NPC: Data privacy law can?t be used as shield against FOI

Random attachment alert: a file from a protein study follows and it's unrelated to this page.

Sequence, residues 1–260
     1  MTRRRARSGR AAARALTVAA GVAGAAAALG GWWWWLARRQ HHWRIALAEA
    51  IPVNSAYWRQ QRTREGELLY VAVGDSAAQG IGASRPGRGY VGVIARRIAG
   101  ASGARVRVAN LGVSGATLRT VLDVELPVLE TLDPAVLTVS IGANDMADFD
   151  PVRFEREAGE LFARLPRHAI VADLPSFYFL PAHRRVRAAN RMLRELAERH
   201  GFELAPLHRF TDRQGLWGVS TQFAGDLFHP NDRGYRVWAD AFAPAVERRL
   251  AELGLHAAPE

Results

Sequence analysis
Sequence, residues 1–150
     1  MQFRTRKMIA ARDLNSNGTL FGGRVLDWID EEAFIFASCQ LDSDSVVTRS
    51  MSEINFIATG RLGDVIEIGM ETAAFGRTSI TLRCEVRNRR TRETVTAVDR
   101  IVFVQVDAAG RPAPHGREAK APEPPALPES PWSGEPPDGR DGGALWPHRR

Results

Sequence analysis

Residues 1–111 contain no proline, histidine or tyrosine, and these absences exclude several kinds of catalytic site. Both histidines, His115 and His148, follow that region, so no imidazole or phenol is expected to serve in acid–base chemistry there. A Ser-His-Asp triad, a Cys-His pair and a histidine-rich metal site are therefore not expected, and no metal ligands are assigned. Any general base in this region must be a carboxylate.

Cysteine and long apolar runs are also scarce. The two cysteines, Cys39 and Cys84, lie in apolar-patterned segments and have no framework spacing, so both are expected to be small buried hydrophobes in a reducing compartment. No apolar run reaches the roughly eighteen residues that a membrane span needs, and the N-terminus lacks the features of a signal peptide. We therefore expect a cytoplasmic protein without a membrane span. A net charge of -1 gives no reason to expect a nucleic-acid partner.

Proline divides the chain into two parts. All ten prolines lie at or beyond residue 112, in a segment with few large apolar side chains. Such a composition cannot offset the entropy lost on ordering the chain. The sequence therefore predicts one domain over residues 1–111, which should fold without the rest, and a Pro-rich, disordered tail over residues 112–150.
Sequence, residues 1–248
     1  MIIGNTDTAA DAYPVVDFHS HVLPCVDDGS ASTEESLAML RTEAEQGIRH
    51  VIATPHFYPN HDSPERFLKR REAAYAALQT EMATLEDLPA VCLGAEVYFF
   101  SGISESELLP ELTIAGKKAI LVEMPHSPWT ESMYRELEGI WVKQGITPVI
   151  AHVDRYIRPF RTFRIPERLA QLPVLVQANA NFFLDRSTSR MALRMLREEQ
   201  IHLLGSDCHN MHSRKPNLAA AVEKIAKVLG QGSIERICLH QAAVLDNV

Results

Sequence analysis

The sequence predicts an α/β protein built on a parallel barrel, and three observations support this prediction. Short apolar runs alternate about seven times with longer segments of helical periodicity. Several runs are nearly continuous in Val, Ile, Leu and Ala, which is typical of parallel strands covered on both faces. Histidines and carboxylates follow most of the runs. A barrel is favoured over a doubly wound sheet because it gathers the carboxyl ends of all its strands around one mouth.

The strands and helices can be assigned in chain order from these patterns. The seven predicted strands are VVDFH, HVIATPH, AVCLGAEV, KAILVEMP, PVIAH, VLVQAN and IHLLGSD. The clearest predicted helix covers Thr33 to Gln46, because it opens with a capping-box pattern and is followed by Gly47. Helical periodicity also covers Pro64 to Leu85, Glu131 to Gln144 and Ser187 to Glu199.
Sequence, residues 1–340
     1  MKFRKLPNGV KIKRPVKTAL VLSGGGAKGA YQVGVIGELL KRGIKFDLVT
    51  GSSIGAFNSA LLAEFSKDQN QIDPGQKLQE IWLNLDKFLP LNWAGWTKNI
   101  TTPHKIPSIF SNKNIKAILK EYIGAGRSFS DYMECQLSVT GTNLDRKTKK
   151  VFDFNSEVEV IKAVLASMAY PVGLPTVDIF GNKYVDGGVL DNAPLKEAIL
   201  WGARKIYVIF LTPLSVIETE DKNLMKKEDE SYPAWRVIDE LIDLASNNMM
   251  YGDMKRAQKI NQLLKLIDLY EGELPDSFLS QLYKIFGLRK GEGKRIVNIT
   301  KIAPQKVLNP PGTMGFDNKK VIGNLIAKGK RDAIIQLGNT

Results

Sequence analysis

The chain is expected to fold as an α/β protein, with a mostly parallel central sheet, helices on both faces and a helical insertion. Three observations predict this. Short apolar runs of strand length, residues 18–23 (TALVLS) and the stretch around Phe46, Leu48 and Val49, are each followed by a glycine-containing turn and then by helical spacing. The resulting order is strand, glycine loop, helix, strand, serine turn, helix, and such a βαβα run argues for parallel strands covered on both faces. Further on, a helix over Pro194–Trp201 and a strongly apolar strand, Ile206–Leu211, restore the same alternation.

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The National Privacy Commission, composed of (from left) deputy commissioner Dondi Mapa, commissioner Raymond Liboro, and deputy commissioner Ivy Patdu The National Privacy Commission, composed of (from left) deputy commissioner Dondi Mapa, commissioner Raymond Liboro, and deputy commissioner Ivy Patdu[/caption] The agency clarified the issue in a position paper as a reaction to concerns that the Data Privacy Act might be used by public officials to deny access to information. The NPC said any ?government official who abuses his position or takes undue advantage of his functions for personal benefit will not be able to use the Data Privacy Act to restrict access of the people to information? It also noted that Section 7 of the data privacy law ?is for the protection of any personal data that may be contained in government records that is not relevant to the freedom of information request, particularly when it affects private citizens.? ?Section 7 should not be viewed as restricting the freedom information upheld by the Executive Order. It defined information and public records broadly, which would include all government records, even those containing personal data of citizens,? the agency said. ?Section 7 is a recognition of the responsibility of government to protect personal data under its custody, and gives due regard to the equally important right to privacy,? it added. According to NPC commissioner Raymund Liboro, the EO on FOI is an important step towards greater transparency and people?s participation in government. ?The right to information on matters of public concern is a fundamental right provided in the Constitution and the right to privacy must always be balanced with the right of the people to be provided information on matters that affect their lives. The Executive Order was well-written to observe these two fundamental rights,? Liboro said. ]]>

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